What Is An Icon [In Graphic Design]

Understanding what icons are in graphic design is crucial to the creation of logos, visual identities, and visual information.

So:

What is an icon? Icons are simple graphic representations designed to express the essential visual characteristics of things and ideas in order to communicate or inform in a direct and universally recognizable way.

Getting an icon right is an essential skill for any graphic designer. So, if you want to become an effective designer, you need to understand what icons are, their essential elements, and how they communicate.

Let me explain:

What Are Icons in Graphic Design?

Icons are everywhere. You see them in logos, at the airport, on charts, and phone apps. They are a huge part of communication today, since everything we consume is first and foremost visual information.

In fact:

Icons are information. They express actions, ideas, or feelings. They communicate with minimal effort, in a universally (or widely accepted) recognizable way. Icons are direct, straightforward, and to the point. They are simple but accurate. They can be cute, clever, or slick.

The first thing to understand about icon design is this:

Effective icons show only the most minimal characteristics of an object or idea, and yet they are accurate and undisputable. They are not open for interpretation or ambuiguity.

That is:

An effective icon is able to extract the most essential visual qualities of a thing or idea in order to make the representation readily recognizable.

Here’s an example:

An icon versus a referent in graphic design.

This image shows two representations of a cat. The photo of the cat represents the thing as it is, full of richness and visual details, such as colors, texture, and depth.

Next to it is an icon of a cat. Compared to the cat photo, it is only a very minimal representation of a cat. And yet, we are able to indisputably tell that that, in fact, represents a cat. Some essential elements are the ears, the tail, the whiskers, and the overall silhouette.

This is the gist of iconic representation.

Here’s another thing to understand about icons:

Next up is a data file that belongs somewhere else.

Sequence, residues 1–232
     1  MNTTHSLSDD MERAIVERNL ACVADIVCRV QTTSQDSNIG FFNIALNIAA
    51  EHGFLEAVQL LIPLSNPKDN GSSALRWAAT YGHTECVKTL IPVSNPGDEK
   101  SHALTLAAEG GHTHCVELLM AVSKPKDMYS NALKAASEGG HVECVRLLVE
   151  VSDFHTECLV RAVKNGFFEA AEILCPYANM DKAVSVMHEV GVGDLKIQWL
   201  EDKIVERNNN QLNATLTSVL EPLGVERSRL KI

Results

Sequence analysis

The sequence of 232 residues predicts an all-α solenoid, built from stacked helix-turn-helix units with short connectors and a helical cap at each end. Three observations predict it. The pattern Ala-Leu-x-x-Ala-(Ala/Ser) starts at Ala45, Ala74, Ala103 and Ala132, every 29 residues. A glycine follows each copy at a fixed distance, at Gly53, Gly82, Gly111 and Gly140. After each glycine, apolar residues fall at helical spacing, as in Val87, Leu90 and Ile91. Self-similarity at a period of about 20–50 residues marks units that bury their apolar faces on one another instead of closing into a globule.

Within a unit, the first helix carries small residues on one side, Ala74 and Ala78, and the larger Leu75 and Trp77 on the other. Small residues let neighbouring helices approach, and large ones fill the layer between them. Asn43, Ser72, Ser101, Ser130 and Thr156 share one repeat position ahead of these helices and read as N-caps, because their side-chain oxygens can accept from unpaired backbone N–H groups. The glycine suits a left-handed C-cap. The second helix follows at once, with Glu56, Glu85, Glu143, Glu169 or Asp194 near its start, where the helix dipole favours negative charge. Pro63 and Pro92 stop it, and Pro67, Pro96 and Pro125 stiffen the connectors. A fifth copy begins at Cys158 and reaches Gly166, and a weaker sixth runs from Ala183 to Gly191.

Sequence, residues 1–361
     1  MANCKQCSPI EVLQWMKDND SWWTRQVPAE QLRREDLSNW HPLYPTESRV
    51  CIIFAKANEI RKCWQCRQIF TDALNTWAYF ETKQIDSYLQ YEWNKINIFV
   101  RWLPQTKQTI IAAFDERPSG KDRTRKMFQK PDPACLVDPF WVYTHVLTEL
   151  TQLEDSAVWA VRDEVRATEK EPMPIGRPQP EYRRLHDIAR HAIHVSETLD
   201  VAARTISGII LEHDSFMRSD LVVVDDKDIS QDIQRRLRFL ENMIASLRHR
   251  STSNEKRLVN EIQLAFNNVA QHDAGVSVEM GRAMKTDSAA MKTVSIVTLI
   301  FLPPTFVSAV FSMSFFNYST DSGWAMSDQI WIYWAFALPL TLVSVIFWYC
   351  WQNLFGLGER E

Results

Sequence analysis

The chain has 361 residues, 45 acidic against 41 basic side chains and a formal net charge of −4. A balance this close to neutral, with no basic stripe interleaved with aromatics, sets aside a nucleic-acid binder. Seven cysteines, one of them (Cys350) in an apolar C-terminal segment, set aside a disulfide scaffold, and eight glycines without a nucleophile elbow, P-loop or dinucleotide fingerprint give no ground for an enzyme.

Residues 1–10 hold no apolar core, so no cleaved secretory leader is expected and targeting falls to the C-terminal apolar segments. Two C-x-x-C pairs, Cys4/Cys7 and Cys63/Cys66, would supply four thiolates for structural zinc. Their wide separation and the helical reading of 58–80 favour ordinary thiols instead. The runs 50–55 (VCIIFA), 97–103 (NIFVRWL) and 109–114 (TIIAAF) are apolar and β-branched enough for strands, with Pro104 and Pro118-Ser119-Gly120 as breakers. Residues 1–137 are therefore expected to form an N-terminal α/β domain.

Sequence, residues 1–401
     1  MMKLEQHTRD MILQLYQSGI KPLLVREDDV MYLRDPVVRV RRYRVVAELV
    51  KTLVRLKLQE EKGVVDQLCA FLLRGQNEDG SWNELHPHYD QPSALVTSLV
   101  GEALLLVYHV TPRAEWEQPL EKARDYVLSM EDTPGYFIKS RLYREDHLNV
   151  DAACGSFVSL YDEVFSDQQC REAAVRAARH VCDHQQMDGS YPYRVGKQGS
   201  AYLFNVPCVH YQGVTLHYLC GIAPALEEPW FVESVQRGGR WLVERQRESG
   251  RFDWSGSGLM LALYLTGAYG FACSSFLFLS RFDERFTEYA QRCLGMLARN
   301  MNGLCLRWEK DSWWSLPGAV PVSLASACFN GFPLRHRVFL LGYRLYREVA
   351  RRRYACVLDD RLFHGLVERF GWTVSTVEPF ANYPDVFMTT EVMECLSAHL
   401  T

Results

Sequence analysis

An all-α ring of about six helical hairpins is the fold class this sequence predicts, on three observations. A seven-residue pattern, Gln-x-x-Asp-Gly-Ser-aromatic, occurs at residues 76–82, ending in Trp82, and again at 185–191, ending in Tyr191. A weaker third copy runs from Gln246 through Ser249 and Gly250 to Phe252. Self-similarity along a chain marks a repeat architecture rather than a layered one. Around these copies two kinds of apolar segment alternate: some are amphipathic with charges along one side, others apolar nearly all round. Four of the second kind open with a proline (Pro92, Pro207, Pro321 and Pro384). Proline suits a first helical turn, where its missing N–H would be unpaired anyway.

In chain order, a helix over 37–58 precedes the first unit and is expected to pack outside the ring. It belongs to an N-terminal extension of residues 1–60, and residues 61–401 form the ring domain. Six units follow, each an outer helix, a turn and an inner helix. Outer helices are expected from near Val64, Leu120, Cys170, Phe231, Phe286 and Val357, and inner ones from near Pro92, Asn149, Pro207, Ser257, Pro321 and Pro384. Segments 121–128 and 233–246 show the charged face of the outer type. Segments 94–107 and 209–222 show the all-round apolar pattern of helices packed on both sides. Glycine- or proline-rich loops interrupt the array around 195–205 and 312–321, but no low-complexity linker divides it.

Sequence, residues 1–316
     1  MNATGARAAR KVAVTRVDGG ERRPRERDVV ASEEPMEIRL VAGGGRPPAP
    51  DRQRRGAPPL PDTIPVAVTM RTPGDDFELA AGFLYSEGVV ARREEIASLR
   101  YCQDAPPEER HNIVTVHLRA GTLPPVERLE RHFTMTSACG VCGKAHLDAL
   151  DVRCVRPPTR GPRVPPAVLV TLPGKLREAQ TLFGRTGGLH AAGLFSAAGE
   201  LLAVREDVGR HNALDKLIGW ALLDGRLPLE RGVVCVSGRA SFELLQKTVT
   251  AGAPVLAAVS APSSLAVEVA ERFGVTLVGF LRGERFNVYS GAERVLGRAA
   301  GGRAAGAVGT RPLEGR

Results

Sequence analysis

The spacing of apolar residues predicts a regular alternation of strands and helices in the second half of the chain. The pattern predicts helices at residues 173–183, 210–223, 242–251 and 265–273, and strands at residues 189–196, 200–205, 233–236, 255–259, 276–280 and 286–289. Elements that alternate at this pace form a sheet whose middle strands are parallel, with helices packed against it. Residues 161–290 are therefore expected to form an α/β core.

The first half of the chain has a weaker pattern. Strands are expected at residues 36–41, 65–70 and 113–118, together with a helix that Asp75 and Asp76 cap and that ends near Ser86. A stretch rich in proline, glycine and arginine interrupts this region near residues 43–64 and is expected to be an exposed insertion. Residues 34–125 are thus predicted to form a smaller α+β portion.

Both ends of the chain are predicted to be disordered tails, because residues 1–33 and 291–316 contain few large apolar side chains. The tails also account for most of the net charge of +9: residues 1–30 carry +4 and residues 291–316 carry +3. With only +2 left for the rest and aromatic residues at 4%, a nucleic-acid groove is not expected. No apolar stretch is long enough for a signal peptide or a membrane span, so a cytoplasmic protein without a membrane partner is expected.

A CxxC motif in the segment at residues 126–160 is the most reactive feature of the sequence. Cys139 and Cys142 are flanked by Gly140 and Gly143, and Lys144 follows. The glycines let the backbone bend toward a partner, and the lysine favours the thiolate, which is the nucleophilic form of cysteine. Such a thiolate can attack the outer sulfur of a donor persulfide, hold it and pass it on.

Because they are a reduction of the thing or idea, they are “lightweight.” This means that they can be used in many contexts, especially those that depend on readily accesible, reliable communication. This is why icons are everywhere we look and are used for a ton of graphic design applications.

And, finally:

Icons are extremely important in graphic design because us humans are primed to read and extract information from them. That is:

Icons are useful pieces of information that make our lives easier.

In fact, many studies show the importance of icon design for human communication and actions, such as icons for finding information, or the different levels of human recognition of iconic design.

It all boils down to this:

In today’s visual culture, icons are a huge part of our navigation and understanding of the world around us. We depend on icons for reference, information, and coordination of actions. We need icons for looking through a large menu, navigating web apps, or finding our way in a foreign country.

As humans, we depend on icon design, which is why effective icon design is an essential part of the graphic design profession.

Pictograms and Ideograms: Elements of Iconic Design

There are two important concepts that closely connect to iconic design that you need to understand: Pictograms and ideograms.

What Is A Pictogram?

What is a pictogram? A pictogram is the literal representation of a thing that exists in real life and that is universally recognizable.

In our previous example, the icon of a cat is a pictogram because it represents the thing in real life (the animal). Someone from the US or Japan would recognize the pictogram since the thing “cat” exists universally.

For this reason, pictograms are easier to design, since there is no ambiguity in what they represent.

Examples of pictograms in icon design

What Is An Ideogram?

An ideogram is a little different from a pictogram.

What is an ideogram? An ideogram is the iconic representation of an abstract idea. Because ideas are not fixed and vary from culture to culture, ideograms depend on cultural knowledge for communicating effectively. Contrary to pictograms, ideograms do not communicate universally.